Compared to the King of Spain’s state visit to Morocco earlier this month, Harry and Meghan’s impact on the country has traveled further and wider. “This was a very different kind of trip—personal, informal and away from the pomp and pageantry of traditional visits,” Reilly says. “Moroccans loved the way [Meghan and Harry] were so spontaneous and cared so deeply.”
Local children were equally taken. While learning about equine therapy during a February 25 visit to the Moroccan Royal Federation of Equestrian Sports, the couple demonstrated their easygoing charm with young kids receiving equine assisted therapy (EAT), and took their time to stop and chat to many of the children.
“They’ll be great parents,” says Reilly. “They really make time for everyone on these engagements. You try and move them on to the next section and they’re both like, ‘Wait, we still haven’t spoken to everyone yet.’”
The couple also quickly won over Reilly’s own children, Elsa, eight, and Orla, 12, whom they first met at an evening reception in the British Ambassador’s residence.
“The girls got to meet Harry and Meghan twice and they both got big hugs,” says Reilly. “They’re both great role models, and for the girls, Meghan is absolutely someone they can look up to. She’s a strong woman focusing on the things that matter.”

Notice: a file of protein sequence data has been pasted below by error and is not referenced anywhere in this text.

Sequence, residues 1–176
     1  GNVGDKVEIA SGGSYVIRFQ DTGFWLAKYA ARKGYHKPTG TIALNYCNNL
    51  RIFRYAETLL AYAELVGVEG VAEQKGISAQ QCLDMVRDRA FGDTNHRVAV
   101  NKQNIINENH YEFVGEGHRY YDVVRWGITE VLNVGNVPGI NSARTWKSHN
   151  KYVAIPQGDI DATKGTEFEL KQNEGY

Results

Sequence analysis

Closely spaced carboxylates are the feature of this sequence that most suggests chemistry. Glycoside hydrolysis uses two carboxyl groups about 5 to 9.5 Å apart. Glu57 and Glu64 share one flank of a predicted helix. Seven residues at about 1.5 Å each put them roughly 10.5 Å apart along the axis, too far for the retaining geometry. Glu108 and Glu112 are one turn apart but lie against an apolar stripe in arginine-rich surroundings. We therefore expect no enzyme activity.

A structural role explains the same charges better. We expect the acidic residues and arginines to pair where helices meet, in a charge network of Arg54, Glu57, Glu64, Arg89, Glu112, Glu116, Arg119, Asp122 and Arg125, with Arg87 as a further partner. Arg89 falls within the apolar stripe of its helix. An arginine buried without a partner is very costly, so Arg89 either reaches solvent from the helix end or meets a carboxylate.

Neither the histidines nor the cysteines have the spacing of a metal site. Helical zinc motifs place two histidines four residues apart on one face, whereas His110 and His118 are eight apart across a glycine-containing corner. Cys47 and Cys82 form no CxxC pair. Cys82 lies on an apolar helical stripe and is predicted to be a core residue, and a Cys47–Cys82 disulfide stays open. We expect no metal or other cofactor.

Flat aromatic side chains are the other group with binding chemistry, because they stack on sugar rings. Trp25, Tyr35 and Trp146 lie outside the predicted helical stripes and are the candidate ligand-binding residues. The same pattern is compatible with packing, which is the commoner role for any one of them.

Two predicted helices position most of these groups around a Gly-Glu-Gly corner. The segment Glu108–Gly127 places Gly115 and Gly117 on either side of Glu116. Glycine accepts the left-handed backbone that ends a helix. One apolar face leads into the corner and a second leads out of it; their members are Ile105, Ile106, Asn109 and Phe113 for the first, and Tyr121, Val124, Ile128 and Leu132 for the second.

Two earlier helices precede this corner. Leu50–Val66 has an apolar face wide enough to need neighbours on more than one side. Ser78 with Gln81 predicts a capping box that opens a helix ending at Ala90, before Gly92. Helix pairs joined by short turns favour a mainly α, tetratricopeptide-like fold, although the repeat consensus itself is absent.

Landing back in the U.K. today after a private evening resting in Morocco, Meghan will continue working over the weeks ahead, her final days of pregnancy before giving birth in April. Palace sources tell BAZAAR.com that the duchess still has a number public and private engagements in the diary, although air travel is now officially off-limits.
Reilly tells BAZAAR that the couple’s final engagement in Morocco—a February 25 meeting with King Mohammed VI—was the perfect opportunity to thank the couple for their generosity before leaving. “I can’t think of better ambassadors for the U.K.,” he told the couple as they stood on the steps outside Rabat’s Dar-al-Makhzen palace. “But I’m American,” Meghan laughed, blushing at the kind compliment. “Well you’re also one of us now,” he responded. “You’re both gems.”